11 Women Of Color Who Made History During The Midterms
It turns out that if you want to get something done right, you ask a woman to do it. Voters stood in lines for hours just to get their ballots accounted for, and results showed that women of color pulled out on top. In a record-breaking election, females demonstrated that they wouldn’t just sit around and watch as Republicans stripped them of their rights. These are the women of color who made history during the midterms.
Ilhan Omar just became the first Somali-American woman in Congress representing Minnesota’s Fifth Congressional District. Additionally, she became one of the first Muslim women to be elected to Congress along with Michigan Congresswoman Rashida Tlaib. Born in Mogadishu and raised in Baydhabo, Somalia, Omar fled the country with her family during a civil war when she was just eight-years-old. This makes her the first Muslim refugee to be elected to the House of Representatives. Some of the issues she plans to focus on include healthcare coverage for everyone, a just immigration system, rights for the LGBT community, and stricter gun control.
Rashida Tlaib made history in 2008 when she became the first Muslim woman to ever serve in the Michigan Legislature. She continues to make strides in politics, most recently becoming the first Palestinian-American woman elected to the house. Also a Muslim, she shares the title of becoming one the first Muslim women to be elected to Congress with Omar. Some of Tlaib’s priorities while in office include equality for all including the LGBT community and immigrants, securing a minimum wage of $15 per hour, and making higher education more affordable.
In New York, Alexandria Ocasio-Cortez has been making headlines for months now, but it wasn’t until the recent midterm elections that the 29-year-old made history. Ocasio, who is of Puerto Rican descent, is one of the youngest women ever elected to Congress. She earned this title alongside Iowa’s elected representative Abby Finkenauer who is also 29-years-old. Some of the issues Ocasio plans to focus on are women’s rights, working to prevent climate change, stricter gun control, and providing housing for all.
As a predominantly red state, it’s hard to imagine that any of Texas’ districts have been democratic for over fifty years. However, that’s the case in their 16th District that will now be led by Veronica Escobar. Alongside Sylvia Garcia, the two have earned themselves the title of being the first Latinas to have earned themselves a spot as one of Texas’ representatives in Congress. Some of the issues Escobar will be tackling during her time in office are improving services designed for veterans, protecting senior citizens and the disabled members of the community, and supporting immigration reform.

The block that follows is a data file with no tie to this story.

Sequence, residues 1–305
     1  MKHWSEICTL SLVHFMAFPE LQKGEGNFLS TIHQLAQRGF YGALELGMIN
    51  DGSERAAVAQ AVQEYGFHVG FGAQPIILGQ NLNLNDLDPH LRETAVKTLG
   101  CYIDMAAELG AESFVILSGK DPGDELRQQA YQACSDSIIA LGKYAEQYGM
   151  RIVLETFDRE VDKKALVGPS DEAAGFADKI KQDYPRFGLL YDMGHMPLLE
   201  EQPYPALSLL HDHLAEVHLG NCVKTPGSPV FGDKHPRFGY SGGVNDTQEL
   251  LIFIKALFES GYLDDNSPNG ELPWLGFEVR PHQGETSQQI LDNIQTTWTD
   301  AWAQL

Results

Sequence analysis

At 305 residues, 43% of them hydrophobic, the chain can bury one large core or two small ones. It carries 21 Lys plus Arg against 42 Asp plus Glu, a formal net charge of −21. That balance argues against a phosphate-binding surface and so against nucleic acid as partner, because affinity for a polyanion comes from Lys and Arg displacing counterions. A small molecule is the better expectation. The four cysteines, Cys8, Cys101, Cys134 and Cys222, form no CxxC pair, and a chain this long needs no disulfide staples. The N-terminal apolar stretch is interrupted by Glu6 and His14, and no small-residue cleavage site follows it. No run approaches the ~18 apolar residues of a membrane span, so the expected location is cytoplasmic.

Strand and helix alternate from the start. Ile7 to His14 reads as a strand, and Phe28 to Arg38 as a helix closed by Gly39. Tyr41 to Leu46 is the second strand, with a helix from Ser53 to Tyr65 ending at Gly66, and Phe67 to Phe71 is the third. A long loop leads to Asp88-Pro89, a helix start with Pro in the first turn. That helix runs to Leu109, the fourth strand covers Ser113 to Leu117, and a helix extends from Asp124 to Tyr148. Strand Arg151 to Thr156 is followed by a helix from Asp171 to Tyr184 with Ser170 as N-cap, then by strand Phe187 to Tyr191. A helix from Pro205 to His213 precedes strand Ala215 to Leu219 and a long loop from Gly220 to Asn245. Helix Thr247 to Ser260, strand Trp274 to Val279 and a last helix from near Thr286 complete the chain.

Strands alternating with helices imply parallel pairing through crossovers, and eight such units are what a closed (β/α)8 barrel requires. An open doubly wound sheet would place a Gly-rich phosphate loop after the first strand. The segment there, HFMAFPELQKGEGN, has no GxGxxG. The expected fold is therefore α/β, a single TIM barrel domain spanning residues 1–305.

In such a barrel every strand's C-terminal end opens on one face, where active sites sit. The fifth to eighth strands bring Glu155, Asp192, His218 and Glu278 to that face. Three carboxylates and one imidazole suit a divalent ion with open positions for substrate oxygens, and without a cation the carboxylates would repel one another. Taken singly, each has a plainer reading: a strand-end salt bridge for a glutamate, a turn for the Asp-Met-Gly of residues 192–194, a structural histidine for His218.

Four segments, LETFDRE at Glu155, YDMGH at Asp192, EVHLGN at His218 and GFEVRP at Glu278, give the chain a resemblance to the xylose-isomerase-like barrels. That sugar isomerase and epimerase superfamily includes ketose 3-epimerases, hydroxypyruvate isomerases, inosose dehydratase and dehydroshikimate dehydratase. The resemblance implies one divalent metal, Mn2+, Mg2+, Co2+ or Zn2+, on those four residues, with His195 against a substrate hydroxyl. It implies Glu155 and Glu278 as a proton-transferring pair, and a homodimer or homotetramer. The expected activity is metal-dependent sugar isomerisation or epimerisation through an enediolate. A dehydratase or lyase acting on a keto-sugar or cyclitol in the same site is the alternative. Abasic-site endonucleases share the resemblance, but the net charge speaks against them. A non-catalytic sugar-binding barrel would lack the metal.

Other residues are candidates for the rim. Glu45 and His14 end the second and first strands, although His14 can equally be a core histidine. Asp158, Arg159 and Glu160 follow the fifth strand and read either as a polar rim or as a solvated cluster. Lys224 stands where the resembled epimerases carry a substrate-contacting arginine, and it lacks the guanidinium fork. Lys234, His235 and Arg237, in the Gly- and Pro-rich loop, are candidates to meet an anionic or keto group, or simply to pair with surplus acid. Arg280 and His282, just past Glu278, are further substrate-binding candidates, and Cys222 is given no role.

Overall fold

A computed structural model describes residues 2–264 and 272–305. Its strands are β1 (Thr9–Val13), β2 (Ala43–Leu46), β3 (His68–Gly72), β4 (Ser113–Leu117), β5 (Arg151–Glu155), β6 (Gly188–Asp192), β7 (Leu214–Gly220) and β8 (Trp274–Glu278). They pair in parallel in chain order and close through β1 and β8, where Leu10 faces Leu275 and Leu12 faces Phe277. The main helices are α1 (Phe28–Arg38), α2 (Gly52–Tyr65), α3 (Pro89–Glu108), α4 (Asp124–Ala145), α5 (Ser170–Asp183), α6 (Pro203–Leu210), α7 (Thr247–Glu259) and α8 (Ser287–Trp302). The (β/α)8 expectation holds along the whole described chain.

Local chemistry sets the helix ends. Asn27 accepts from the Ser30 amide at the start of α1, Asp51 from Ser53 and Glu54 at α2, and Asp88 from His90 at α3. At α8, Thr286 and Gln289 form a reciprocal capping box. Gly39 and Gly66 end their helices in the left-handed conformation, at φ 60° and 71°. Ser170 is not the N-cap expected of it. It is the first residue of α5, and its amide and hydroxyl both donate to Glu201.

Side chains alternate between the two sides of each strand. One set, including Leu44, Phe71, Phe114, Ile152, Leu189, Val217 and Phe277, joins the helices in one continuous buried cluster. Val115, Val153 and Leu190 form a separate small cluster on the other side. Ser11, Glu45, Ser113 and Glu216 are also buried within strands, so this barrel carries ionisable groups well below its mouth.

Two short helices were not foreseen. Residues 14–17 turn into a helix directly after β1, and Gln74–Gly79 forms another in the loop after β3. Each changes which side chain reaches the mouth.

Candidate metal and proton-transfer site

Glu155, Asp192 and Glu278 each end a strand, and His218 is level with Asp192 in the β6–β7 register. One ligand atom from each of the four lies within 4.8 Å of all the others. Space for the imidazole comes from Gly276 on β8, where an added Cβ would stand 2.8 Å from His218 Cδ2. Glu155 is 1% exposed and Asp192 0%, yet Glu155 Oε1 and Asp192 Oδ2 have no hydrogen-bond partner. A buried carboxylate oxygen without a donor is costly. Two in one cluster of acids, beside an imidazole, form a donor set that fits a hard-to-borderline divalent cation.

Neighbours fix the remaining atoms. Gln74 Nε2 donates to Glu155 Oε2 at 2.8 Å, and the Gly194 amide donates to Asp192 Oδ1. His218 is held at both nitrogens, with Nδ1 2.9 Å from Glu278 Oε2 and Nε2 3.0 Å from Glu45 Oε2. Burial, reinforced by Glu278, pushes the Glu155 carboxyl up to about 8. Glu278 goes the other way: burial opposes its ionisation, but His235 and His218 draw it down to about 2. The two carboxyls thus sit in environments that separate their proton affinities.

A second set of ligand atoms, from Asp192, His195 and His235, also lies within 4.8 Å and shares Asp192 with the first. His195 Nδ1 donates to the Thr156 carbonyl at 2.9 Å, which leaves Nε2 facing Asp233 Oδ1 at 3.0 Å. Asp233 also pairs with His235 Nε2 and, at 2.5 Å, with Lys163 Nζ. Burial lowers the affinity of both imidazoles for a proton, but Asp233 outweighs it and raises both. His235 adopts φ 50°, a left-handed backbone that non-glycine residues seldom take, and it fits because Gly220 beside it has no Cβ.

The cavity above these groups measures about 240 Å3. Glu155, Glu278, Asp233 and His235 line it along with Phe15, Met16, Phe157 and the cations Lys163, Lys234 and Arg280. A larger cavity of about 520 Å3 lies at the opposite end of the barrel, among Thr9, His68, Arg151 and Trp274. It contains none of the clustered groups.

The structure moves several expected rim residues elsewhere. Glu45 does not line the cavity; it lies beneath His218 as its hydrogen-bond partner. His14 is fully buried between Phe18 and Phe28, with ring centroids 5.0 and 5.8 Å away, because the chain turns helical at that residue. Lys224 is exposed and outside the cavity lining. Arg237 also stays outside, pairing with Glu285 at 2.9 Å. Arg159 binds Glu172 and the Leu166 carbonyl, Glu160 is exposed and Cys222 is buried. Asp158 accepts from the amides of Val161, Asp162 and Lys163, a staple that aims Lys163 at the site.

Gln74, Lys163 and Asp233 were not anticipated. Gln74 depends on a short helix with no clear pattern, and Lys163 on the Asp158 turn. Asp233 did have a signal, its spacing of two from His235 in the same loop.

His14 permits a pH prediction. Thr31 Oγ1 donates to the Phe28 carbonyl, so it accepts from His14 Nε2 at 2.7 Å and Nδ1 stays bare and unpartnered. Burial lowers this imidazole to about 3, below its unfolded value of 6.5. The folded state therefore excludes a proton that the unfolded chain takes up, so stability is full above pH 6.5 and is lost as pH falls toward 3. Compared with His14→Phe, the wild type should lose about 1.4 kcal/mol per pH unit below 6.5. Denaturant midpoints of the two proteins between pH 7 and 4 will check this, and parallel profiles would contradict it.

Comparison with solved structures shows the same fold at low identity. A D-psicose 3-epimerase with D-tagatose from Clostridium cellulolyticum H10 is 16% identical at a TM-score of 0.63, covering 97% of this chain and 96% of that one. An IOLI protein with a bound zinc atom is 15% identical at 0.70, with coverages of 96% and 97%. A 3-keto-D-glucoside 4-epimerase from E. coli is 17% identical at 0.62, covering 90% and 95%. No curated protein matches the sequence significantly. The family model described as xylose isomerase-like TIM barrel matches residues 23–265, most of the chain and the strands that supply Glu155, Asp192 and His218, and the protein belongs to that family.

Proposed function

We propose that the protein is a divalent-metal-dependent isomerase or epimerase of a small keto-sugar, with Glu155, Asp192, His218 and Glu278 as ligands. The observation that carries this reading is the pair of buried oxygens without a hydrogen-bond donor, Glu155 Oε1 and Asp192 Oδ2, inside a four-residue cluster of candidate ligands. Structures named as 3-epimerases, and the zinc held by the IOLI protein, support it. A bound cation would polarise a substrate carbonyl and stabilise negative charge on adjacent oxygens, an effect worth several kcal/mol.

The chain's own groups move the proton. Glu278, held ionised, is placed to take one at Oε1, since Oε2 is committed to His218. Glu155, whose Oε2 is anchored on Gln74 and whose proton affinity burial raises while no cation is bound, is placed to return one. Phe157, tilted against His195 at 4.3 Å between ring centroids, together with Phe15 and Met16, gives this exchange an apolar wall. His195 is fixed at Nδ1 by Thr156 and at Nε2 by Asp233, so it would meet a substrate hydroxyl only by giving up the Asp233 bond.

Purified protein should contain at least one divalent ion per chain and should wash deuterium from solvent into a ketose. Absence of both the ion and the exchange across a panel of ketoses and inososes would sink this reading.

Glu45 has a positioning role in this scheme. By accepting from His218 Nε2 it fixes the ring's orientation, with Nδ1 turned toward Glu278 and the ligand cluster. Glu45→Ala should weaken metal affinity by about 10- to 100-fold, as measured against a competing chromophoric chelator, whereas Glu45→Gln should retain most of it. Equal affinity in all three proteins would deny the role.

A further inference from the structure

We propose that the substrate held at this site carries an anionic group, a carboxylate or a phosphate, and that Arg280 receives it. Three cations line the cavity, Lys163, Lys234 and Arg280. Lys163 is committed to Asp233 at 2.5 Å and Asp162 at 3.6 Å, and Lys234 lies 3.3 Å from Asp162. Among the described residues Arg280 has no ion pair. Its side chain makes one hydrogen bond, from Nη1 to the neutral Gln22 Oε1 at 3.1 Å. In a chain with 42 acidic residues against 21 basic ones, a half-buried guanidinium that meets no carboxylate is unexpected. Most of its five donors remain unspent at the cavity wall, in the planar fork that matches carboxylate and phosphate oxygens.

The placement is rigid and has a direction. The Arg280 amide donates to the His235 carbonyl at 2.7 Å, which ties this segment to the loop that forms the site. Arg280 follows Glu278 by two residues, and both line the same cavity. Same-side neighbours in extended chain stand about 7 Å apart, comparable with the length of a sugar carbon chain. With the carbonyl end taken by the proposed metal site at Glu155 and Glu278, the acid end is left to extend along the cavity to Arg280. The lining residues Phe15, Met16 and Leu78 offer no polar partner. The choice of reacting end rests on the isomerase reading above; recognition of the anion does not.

Along with Escobar, Sylvia Garcia has also earned the title of becoming one of the first Latinas voted to Congress in Texas. A native of Palito Blanco, which is a South Texas farming community, Garcia defeated Republican Phillip Aronoff in the race for representing District 29. She is a strong advocate for women and equality and plans to strive toward transparency and accountability within the government.
Born and raised in Brooklyn, Letitia “Tish” James is a lawyer and the first woman of color to hold Citywide office in New York City. She earned herself the title of Attorney General this midterm election, adding a few more firsts to her resume. James is now the first woman as well as the first black person to serve as attorney general, as well as the first black woman to be elected to statewide office. Some of the issues she will be focusing on are equality in the workplace, reducing student loan burden, maintaining access to women’s reproductive healthcare, opioid abuse.
Ayanna Pressley made waves in Massachusetts when she defeated Mike Capuano who’d severed ten terms in Congress. This win made her the first black woman to represent Massachusettes in Congress, a long-awaited moment in history to say the least. Some of the issues she plans to focus on will be healthcare for all, equal rights for the LGBT community, and protecting a woman’s right to choose what she does with her body.
Young Kim was born in Seoul and grew up in Guam before she came to the United States for college. Even though she’s an immigrant, she ran for Congress and won as a Republican, making her the first Korean-American congresswoman. The issues she plans to address include increased border security, immigration reform, and honoring American veterans.
Former professional mixed martial arts fighter, Sharice Davids, has made history both for Indigenous women and the LGBT community this recent election. Along with New Mexico Congresswoman-elect Deb Haaland, the two have become the first Indigenous women in Congress. On top of that, Davids is also the first openly gay person to represent Kansas. We can expect her to fight for true tax cuts for the middle class, stricter gun laws, support climate change prevention, and equal rights for the LGBT community.
As a member of the Laguna Pueblo people, Deb Haaland is now one of the first Native American women to become elected to Congress. She has proudly stood up against Donald Trump on numerous occasions, and will likely continue to do so as she begins to represent New Mexico in the house. Pueblo’s issues include fighting to end gun violence, pushing to allow Medicare for all, racial justice and equality for people of color and the LGBT community, and a number of essential women’s rights.
A registered nurse from Naperville, Illinois, Lauren Underwood has become not only the first woman to be elected to represent District 14 in Congress, but also the first black woman. She plans to work to end gun violence, invest more in local education, help to encourage the use of renewable energy, immigration reform, as well as supporting women’s reproductive rights.
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